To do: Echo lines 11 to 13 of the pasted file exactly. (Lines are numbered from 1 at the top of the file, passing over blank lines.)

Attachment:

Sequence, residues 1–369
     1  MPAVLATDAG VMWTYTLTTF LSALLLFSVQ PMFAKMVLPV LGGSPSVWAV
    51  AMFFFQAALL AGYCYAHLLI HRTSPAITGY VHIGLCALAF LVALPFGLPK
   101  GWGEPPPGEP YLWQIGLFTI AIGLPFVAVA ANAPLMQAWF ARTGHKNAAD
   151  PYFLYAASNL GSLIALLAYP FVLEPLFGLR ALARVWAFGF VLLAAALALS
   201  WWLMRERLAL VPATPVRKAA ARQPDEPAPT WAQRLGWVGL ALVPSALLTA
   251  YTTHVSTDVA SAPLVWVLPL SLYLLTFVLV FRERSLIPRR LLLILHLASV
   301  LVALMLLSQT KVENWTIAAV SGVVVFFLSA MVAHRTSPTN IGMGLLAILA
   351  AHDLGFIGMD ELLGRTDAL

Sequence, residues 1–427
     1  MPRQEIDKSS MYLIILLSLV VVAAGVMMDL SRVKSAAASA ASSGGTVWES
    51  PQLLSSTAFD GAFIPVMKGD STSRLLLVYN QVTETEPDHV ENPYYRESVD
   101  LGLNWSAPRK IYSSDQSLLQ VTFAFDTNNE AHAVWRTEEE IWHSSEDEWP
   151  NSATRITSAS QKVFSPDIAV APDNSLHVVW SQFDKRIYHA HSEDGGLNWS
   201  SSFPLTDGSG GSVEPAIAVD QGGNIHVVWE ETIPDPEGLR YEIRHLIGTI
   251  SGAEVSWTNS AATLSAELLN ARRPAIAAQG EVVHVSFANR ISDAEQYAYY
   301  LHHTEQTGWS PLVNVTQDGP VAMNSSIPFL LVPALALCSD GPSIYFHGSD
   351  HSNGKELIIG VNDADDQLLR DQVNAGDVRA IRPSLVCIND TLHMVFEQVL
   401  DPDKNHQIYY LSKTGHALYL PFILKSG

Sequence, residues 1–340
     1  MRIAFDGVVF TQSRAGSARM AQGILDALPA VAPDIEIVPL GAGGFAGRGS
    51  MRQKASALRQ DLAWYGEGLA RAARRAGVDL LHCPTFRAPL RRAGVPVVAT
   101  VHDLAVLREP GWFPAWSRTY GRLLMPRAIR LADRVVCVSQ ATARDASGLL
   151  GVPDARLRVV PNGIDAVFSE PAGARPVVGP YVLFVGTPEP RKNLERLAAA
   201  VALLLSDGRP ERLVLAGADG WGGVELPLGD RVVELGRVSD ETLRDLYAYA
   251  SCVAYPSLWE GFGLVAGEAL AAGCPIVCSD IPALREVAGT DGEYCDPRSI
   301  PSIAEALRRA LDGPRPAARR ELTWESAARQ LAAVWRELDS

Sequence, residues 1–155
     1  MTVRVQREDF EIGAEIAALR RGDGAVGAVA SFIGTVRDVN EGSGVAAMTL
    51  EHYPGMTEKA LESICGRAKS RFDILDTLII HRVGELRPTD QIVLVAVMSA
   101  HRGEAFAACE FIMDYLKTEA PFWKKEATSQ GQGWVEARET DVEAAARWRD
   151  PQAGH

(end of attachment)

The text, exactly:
     1  MPRQEIDKSS MYLIILLSLV VVAAGVMMDL SRVKSAAASA ASSGGTVWES
    51  PQLLSSTAFD GAFIPVMKGD STSRLLLVYN QVTETEPDHV ENPYYRESVD
   101  LGLNWSAPRK IYSSDQSLLQ VTFAFDTNNE AHAVWRTEEE IWHSSEDEWP